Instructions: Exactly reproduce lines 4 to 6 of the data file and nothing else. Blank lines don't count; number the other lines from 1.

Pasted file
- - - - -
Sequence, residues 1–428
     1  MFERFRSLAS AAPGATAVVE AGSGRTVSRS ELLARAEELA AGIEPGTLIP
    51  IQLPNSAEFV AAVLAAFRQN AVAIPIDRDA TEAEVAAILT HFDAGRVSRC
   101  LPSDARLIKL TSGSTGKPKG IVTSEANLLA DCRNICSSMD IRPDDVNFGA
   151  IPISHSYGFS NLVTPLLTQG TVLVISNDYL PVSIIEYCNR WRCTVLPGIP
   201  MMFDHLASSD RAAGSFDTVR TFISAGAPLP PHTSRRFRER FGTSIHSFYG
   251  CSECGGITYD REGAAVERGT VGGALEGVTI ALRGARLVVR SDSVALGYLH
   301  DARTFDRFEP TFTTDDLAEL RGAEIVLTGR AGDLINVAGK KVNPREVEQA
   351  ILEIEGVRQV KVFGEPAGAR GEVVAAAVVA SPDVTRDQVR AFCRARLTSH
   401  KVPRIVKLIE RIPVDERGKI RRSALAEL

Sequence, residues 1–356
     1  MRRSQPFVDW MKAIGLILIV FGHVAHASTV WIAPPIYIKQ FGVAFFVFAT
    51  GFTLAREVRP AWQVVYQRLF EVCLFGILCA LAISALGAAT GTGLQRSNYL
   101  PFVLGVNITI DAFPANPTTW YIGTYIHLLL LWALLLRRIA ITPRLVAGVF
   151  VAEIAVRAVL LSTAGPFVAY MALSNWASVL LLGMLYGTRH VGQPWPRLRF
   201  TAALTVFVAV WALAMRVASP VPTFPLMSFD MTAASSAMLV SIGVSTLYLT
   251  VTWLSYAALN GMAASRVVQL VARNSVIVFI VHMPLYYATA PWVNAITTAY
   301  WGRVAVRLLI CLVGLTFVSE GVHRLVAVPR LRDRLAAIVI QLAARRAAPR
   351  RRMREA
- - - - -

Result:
   101  LPSDARLIKL TSGSTGKPKG IVTSEANLLA DCRNICSSMD IRPDDVNFGA
   151  IPISHSYGFS NLVTPLLTQG TVLVISNDYL PVSIIEYCNR WRCTVLPGIP
   201  MMFDHLASSD RAAGSFDTVR TFISAGAPLP PHTSRRFRER FGTSIHSFYG